|Live Date: September 29, 2011||Time: 10:00 am CT||Cost: $100|
The Michigan Basin is home to several emerging unconventional plays. The Ordovician Collingwood and Utica shales both show promise in the region. A likely liquids-rich resource play targeting the Silurian age A-1 Carbonate is also fast developing in the region. Some have compared the A-1 Carbonate to the middle member of the Bakken shale at prolific Parshall Field in North Dakota.
What you will learn:
Dr. William B. Harrison, III, Professor Emeritus and Director, Michigan Basin Core Research Laboratory, part of the Michigan Geological Repository for Research and Education, Department of Geosciences, Western Michigan University
Dr. Harrison is a research professor and director of the Michigan Basin Core Research Laboratory at Western Michigan University in Kalamazoo. He began his career as a professor at Western Michigan University in 1973, and he founded the laboratory in 1982 to preserve and research geological samples and data related to Michigan’s subsurface formations and natural resources. Harrison is also the director of the Michigan Center, Midwest Region, Petroleum Technology Transfer Council. He has published more than 30 technical papers on Michigan geology and authored or co-authored more than 70 technical presentations at conferences, professional meetings and workshops. Harrison obtained a B.A. and M.A. in Geology from the University of South and a Ph.D. from the University of Cincinnati.
Tim Gognat, Managing Member, Global GeoData LLC
Geologist Tim Gognat began his career evaluating the A-1 & A-2 Carbonates in the Michigan Basin with Amoco Production Co. Gognat has worked most U.S. onshore basins, with efforts focused on the Williston, Illinois, Michigan, Appalachian basins, and North Slope of Alaska. He is particularly interested in unconventional fractured reservoirs including black shales, organic-rich limestones, hydrothermal dolomites and silicic limestones, and in applying new technologies to improving recovery efficiencies in conventional and unconventional reservoirs.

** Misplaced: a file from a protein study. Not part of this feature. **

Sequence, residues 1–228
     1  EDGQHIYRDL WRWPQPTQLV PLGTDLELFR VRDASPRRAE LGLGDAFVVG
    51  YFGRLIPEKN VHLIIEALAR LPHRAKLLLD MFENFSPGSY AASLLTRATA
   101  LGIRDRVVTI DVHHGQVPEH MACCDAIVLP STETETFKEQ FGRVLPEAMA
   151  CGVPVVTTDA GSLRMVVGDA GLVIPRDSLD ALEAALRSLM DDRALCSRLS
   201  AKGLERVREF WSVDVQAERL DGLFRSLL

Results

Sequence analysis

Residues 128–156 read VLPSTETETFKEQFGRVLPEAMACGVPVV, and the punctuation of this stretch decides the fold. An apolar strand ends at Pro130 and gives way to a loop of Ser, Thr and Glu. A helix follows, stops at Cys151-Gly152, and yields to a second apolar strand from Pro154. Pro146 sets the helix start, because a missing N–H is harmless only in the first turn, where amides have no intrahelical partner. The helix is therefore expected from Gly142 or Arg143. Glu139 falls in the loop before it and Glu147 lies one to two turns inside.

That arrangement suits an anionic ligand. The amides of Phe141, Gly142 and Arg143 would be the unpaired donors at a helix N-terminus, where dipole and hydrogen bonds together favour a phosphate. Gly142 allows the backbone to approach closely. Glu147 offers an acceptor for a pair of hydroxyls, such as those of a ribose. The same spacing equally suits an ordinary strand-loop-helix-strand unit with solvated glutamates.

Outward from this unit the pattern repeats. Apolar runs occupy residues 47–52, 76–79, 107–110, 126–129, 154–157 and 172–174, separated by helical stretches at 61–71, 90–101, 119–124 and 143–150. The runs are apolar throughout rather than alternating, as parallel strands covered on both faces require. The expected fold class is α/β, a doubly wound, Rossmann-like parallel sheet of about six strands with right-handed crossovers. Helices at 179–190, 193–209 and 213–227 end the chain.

Peggy Williams, Director, Unconventional Resources, Hart EnergyPeggy Williams is a certified petroleum geologist with 17 years of industry experience in oil and gas exploration and production. Peggy joined Hart Energy Publishing in 1992. She holds a bachelor’s degree in geology from the University of Rhode Island, a master’s in energy resources from the University of Pittsburgh and a master of science in technical communications from the University of Colorado. Peggy is an active member of the American Association of Petroleum Geologists, and has served in several capacities with that organization and its local affiliate, the Rocky Mountain Association of Geologists. She is also a member of the Society of Petroleum Engineers and an associate member of the Society of Exploration Geophysicists.